Monday, September 25, 2006

Post Mortem: Notre Dame 40, Michigan State 37


Saving the season, or merely postponing the inevitable crash and burn?

Redeeming the offense for its struggles, or using lucky breaks to mask defensive weaknesses?

Doesn't it always feel good to be asking these questions after a win?

The 40-37 slugfest in East Lansing had a little bit of everything - sideline fights, trick plays, gutsy 4th-down calls, and crucial turnovers and bizarre changes of fortune that swung momentum wildly in either team's favor all night long.

From the get-go, the Irish looked like the first half against Michigan had never ended. The offense stalled. Special teams committed killer turnovers. The defense got caught with their pants down. And they went into the locker room down 31-14.

And the game was more lopsided than the score indicated.

Things weren't looking much better heading into the 4th quarter, as the rain evolved into a steady downpour, the wind turned back against Notre Dame, and the Spartans went in for a 37-21 lead. Then a funny thing happened on the way to complete disaster: Brady Quinn and the Irish offense finally took advantage of the opportunity they'd been given.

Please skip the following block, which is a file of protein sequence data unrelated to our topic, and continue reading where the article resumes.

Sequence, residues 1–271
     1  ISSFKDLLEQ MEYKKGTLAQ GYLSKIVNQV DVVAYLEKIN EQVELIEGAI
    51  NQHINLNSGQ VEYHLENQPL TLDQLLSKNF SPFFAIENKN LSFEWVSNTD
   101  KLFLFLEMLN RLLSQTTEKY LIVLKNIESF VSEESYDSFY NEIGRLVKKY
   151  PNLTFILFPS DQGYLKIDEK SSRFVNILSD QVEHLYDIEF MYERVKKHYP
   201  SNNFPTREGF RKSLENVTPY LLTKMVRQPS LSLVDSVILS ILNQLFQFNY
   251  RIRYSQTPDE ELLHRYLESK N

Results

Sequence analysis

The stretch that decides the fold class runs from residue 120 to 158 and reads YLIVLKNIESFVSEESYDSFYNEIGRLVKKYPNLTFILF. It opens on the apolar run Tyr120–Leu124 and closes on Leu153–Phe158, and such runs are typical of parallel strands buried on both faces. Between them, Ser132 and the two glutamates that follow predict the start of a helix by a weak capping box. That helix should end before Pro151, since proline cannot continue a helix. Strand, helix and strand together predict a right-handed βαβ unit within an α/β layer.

Let's clear up this "luck" thing. Of course Notre Dame was the beneficiary of the same type of Spartan miscues that seem to happen every year at right about the same time in the season for John L. Smith's team. Kirk Herbstreit didn't mince words in Saturday's broadcast, saying, "If you've been watching Michigan State football for the past 50 years, you know that this is why you're Michigan State." Not the last 5 years, or the last 20, or even 40. This apparently has been a recurring theme for half-a-century.

So to recap: Michigan State's Drew Stanton committed three turnovers in the final 8 minutes, Brady Quinn threw 5 TDs to help rally the Irish, and the now (once again) much-maligned Irish defense made the killer blow with an interception return for a touchdown by Terrail Lambert. Not a bad day at the office, all things considered.

Of course, many holes remain. For one thing, how to get the Irish to play with a sense of urgency straight out of the gate, rather than waiting until their actually in an emergency, down 17. On the whole the offense is still sputtering in and out of gear, and the defense of course still has major problems.

Coach Weis wasn't really in the mood to discuss any of that just yet on the rain-soaked field Saturday night. For one night, while students danced wildly in Stonehenge next to LaFortune, Weis let his players whoop it up. "I'm not bringing them down until Sunday", he said.


Nobody's confusing them with the '66 team just yet, but these Irish pulled
off what couldn't be done 40 years earlier - win the tough battle at Spartan Stadium.

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